The GPA is clear that State organs must be non-partisan. State organs and institutions, especially security agents do not belong to any political party but they service all Zimbabweans in their political diversity and when they fail to do their job, it marks the beginning of failed State.

The current disposition of State actors in sponsoring instability by commission or ommission and the effect of their actions manifests a failure of state institutions.

We all signed up to that agreement and no one was forced into appending a signature.

There is therefore no reason why anyone should undermine this country by undermining that Agreement that we all signed voluntarily.

The people of Zimbabwe are tired of rhetoric and lip service.

They want to see us go beyond speaking against violence.

They want to see us acting peace by preaching tolerance and ensuring that perpetrators are brought to book.

Violence such as the one we experienced in 2008 must be a thing of the past.

In the forthcoming election, we will as candidates and political parties, be seeking a mandate from the people. Violence is an undignified way of interfering with the people’s sovereign right to choose their leaders.

Stone-age campaigns such as Operation Mavhotera Papi that we saw in 2008 was an uncivilised way of interfering with the sacrosanct right of the people to make their own political choices.

As Morgan Tsvangirai, I pledge to ensure that I and the party I lead play peaceful politics by shunning violence, coercion and intimidation.

I urge my colleagues to make the same commitment and to urge their supporters to commit themselves to peace.

I urge the police to be non-partisan and to arrest everyone and anyone who commits acts of violence even if they are MDC.

By the same measure, I hope that the police will arrest perpetrators of violence, even if they are Zanu PF.

I reiterate what I said at a prayer meeting in Bulawayo a few weeks ago, that Zimbabweans want a new era in this country; where knives, machetes, knobkerries, guns and booted feet as instruments of violence and repression are no longer fashionable.

As political parties, we have agreed to non-violence as enshrined in the Global Political Agreement and all SADC resolutions have called upon us as political actors to ensure a non-violent, credible and legitimate election.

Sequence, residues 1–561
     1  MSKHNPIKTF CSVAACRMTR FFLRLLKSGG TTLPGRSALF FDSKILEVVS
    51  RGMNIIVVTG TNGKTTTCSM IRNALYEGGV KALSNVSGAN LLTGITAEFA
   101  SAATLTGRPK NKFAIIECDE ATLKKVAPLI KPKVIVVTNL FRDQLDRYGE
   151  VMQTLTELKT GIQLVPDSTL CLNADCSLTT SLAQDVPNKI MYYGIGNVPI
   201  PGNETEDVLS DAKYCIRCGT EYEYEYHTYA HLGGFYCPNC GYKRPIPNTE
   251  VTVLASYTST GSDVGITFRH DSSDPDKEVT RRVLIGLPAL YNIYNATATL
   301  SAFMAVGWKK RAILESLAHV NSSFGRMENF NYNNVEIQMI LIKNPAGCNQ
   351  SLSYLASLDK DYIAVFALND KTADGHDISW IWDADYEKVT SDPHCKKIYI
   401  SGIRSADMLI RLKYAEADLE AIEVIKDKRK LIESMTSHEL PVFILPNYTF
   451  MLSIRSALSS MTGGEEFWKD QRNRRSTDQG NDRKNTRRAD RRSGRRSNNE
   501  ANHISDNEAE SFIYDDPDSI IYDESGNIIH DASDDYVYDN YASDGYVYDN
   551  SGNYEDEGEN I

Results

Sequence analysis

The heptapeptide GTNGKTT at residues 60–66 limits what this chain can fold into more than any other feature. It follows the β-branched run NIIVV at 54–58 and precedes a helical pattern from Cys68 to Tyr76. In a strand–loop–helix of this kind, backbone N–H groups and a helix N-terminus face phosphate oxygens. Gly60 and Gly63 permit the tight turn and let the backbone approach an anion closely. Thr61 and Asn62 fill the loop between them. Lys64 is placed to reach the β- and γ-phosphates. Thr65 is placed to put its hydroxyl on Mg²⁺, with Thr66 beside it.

God is against a violent people and that is why he condemned a whole creation to death because of corruption and violence.

“And God said unto Noah, The end of the flesh is come before me, for the Earth is filled with violence; and behold, I will destroy them with the Earth.” (Genesis 6: verse 13)

I have faith that as political parties we will not be condemned for our violence; that we will continue to pray for peace and that we will return to civilised politics where the doctrine of Tsvimbo mugotsi will be consigned to the dustbins of history.

Let us leave this meeting aware of its historic significance and its potential to change the history and culture of this country.

Let us ensure that our message of peace is cascaded down to the provinces, the districts, the wards, the branches and the cells.

Let our political leaders at the various levels be the epitome of tolerance and non-violence.

Political contestation should not breed enmity and let us all be alive to the fact that we are political opponents and not enemies.

We are political protagonists and not foes.

Finally, I want to say let us differ with dignity, well aware that we may be MDC or Zanu PF but that ultimately, we are Zimbabweans who aspire for the best for our country and its people.

The future of this country lies in the actions that we in this room decide to take or not to take.

Whatever decisions we make on behalf of the people we represent, I hope we will all be able to stare history in the face and be proud that we discharged of our duties to the best interest of the people of Zimbabwe.

Yes, the future of this country is in our hands.

In 2006, my father died. He was two years younger than President Mugabe. It therefore means that this transition is both political and generational.

Over the last two and half years, our relationship has evolved from acrimony to mutual respect even if we differ on matters of principle.

We have graduated from being political enemies to political opponents, which everyone here and below must emulate.

Zimbabwe has endured pain of the past such that its agenda should be not be only to restore the legacy of the liberation struggle, but to achieve reconciliation, reconstruction and recovery without engaging in retribution.

Those that believe that if they can't have it, then no one should have it, had better think twice (Ndidzo dzinonzi shaisano). A scorched earth policy which does not benefit the nation.

The challenge for your generation Mr President, with so much experience, is to bestow the value of peace and stability in the country, assured that this can only come from within us and not from outside.

We cannot afford to slide back to the period of subjugation, which had undermined the independence and dignity of the Zimbabwean people for which so many perished.

However, we cannot continue to harp on our past achievements while undermining a sustainable future that is well within our grip and capacity.

The people are at the centre of our future and development and ultimately, have the mandate to give true legitimacy to the leadership of their free choice.

We must never lose sight of this truth which must guide our every action.

It is not enough to be convinced about the need to confront and eliminate the scourge of violence, but we must convert it to tolerance and peaceful co-existence for the future of our country.

It is not enough to be convinced. We must have the conviction that peace will come well within our lifetime.